The Vita Coco hair care range – in the planning since around 2016/17 – was made up of three lines: Nourish for dry hair; Repair for damaged hair; and Scalp for irritation, each featuring coconut as the star ingredient. The certified vegan offering included shampoos, conditioners, a serum, hair mask and scalp scrub, each formulated with up to 31% coconut and 95% natural ingredients.
The range was available in Vita Coco shops across the UK, France and Germany and online via its own brand website and Amazon, and Tim Rees, managing director of EMEA at Vita Coco, said more retail listings were in the pipeline and further growth planned for the wider EMEA region.
“By 2022, it will be a widely available product range across European retail,” Rees told CosmeticsDesign-Europe.
“…I don’t want to give away any spoilers on NPD, but what I would expect for 2021 is launching our range of nine SKUs and establishing those three platforms. As we look forward to next year, you can expect enhancements to the hair care range,” he said.
Beverages to beauty: Scalp care is a ‘very, very exciting part of our portfolio’
Vita Coco was particularly excited about growing its Scalp range, Rees said – a fast-evolving opportunity in hair care.
“This for us is a very, very exciting part of our portfolio (…) I think consumers now are getting this broader understanding that anti-dandruff
doesn’t just mean flakes on the shoulders, but it’s more about how we can support and address scalp health,” he said.
And this opportunity stretched far beyond traditional wash and rinse-off products, he said, with plenty of innovation happening in beauty tools like scalp brushes for exfoliation. “It’s that element of skin care slowly transitioning into hair care.”
Whilst the European hair care market was slightly behind other global markets in scalp care, with the likes of Brazil, China and Russia operating a far more established category, Rees said Vita Coco had high hopes for Europe with the right marketing and product education.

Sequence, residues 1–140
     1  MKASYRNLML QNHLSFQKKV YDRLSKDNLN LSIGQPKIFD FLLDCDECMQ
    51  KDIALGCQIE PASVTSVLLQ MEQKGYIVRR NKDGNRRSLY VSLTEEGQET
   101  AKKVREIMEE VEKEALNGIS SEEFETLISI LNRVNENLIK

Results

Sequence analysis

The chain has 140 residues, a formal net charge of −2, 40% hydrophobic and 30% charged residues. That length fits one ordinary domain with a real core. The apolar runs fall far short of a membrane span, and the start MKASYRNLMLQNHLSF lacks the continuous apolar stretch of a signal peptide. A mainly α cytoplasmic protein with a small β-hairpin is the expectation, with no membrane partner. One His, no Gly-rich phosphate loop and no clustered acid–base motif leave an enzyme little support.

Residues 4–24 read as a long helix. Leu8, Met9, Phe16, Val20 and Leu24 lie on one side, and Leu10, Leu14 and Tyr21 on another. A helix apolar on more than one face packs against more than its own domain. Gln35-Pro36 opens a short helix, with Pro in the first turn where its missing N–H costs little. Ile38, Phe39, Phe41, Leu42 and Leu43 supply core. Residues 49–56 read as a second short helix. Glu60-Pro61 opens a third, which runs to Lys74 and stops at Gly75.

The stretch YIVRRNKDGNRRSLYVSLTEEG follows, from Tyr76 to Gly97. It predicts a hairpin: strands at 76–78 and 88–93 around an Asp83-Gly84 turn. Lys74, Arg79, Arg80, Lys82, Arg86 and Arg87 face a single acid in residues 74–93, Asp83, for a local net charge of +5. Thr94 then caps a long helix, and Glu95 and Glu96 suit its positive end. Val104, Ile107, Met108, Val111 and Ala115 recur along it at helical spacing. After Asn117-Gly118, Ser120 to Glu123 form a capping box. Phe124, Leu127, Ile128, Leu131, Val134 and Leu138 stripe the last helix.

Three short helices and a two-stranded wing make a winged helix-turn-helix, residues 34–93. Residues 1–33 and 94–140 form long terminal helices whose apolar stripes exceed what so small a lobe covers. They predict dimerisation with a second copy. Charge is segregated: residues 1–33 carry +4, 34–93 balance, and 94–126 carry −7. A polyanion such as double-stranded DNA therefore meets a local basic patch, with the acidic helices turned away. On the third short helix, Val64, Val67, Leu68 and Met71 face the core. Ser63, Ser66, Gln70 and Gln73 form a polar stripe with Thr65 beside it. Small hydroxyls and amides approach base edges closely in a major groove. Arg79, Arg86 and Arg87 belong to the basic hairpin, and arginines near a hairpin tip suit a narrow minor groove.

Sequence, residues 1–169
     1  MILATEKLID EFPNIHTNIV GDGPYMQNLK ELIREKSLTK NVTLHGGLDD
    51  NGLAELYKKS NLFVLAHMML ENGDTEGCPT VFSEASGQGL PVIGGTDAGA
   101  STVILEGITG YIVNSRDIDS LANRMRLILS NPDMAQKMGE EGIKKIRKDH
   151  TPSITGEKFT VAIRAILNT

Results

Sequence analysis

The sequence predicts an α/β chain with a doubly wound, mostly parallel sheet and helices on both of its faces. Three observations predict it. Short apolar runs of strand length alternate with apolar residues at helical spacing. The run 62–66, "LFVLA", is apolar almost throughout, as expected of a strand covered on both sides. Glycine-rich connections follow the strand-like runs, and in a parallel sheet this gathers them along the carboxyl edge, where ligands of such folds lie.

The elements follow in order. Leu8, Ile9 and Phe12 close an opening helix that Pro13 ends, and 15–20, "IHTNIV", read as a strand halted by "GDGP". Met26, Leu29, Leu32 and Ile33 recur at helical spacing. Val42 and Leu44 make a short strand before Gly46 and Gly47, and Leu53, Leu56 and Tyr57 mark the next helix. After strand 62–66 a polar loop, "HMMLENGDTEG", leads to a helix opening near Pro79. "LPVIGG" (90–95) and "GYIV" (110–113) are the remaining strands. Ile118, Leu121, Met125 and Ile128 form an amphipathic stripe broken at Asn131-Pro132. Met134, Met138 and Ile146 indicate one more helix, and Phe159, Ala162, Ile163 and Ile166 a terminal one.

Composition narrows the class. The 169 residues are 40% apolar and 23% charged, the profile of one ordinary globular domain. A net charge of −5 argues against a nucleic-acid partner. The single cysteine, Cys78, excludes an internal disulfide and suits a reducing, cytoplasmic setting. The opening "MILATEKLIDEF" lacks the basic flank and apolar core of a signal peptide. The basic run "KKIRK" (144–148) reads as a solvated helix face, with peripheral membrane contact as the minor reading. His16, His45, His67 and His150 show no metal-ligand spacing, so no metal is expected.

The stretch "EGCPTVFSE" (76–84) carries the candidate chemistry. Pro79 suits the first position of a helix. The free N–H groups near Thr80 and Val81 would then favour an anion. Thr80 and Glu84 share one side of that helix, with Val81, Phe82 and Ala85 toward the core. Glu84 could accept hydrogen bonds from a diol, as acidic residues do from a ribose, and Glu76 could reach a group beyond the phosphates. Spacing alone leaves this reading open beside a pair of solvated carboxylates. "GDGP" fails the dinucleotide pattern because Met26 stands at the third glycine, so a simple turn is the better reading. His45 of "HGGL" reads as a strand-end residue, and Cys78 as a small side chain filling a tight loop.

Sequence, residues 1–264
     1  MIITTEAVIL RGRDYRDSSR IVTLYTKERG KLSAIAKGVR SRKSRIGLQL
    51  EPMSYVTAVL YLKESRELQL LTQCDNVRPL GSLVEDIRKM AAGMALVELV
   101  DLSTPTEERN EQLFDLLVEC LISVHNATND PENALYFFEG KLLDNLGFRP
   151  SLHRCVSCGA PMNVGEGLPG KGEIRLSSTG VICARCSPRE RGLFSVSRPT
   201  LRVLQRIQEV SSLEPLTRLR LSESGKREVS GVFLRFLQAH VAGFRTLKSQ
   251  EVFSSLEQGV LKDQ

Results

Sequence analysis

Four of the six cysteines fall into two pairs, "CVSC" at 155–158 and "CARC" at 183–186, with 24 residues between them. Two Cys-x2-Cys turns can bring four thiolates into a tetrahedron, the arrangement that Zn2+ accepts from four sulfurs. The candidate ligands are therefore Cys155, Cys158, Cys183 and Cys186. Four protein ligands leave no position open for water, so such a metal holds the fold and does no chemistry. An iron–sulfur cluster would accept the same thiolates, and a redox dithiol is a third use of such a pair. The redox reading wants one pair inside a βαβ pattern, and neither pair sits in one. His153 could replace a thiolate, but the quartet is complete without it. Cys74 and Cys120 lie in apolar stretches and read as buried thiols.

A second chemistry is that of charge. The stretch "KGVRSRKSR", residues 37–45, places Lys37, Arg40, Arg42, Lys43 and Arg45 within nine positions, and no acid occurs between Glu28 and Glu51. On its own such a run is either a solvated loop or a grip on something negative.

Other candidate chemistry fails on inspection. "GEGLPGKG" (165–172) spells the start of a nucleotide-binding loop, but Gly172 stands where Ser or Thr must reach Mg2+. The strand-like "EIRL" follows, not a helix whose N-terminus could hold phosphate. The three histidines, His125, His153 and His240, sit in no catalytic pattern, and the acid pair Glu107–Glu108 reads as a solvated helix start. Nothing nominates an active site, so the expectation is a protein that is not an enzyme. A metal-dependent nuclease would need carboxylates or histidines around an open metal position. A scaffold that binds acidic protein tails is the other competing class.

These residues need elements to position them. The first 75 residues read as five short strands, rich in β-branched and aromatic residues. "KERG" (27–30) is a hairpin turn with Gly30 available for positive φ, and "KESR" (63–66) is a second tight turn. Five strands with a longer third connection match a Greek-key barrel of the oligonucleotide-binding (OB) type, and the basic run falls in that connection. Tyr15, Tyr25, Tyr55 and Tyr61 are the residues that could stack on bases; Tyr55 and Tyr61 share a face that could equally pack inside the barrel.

Longer-term, he said the brand would also look to stretch into other personal care spaces – the likes of cleansing and nail care, for example, had already proven important for the coconut ingredient, with benefits already widely acknowledged. “We would like to take Vita Coco into more aisles of the personal care and beauty space, carrying those same credentials of how we showcase the benefits of coconut with innovative, natural-based products that excite those categories as well.”
Entering the market with a ‘very good partner’ and ‘wonderful brand equity’
Vita Coco had partnered with German beauty and personal care specialist New Flag on the product development, manufacture and European distribution of the new hair care range – a partnership Rees said would prove critical given natural hair care was such a competitive category.
“We found a very good partner with New Flag who can aid us admirably on the technical aspect of the product. The brands in their portfolio show technical leadership within their categories and the people within their business are built on careers stemming [from] beauty. In terms of product portfolio and NPD, we’ve got absolute confidence with our partners,” he said.
Asked if this would be enough to enter the highly competitive hair care space, he said Vita Coco also planned to leverage its “wonderful brand equity” and continue its “community engagement and disruptive advertising” as it forayed into the space.
“We are a beverage brand who created a category of coconut water. We have had Coke and Pepsi, via their brands Innocent and Naked, enter and challenge our leadership within those categories and we have successfully fought them off and hold a 70% market share of coconut water in the UK market. So, we are confident we have the organisational agility and level of consumer disruptiveness innate in our DNA for us ‘not to be scared of’ the big businesses and players that are established in some of these categories already.”
“…I think we are an agile, disruptive brand that likes to have fun in the category and share that fun and that humility with our consumer base. That’s how I think we stay relevant,” he said.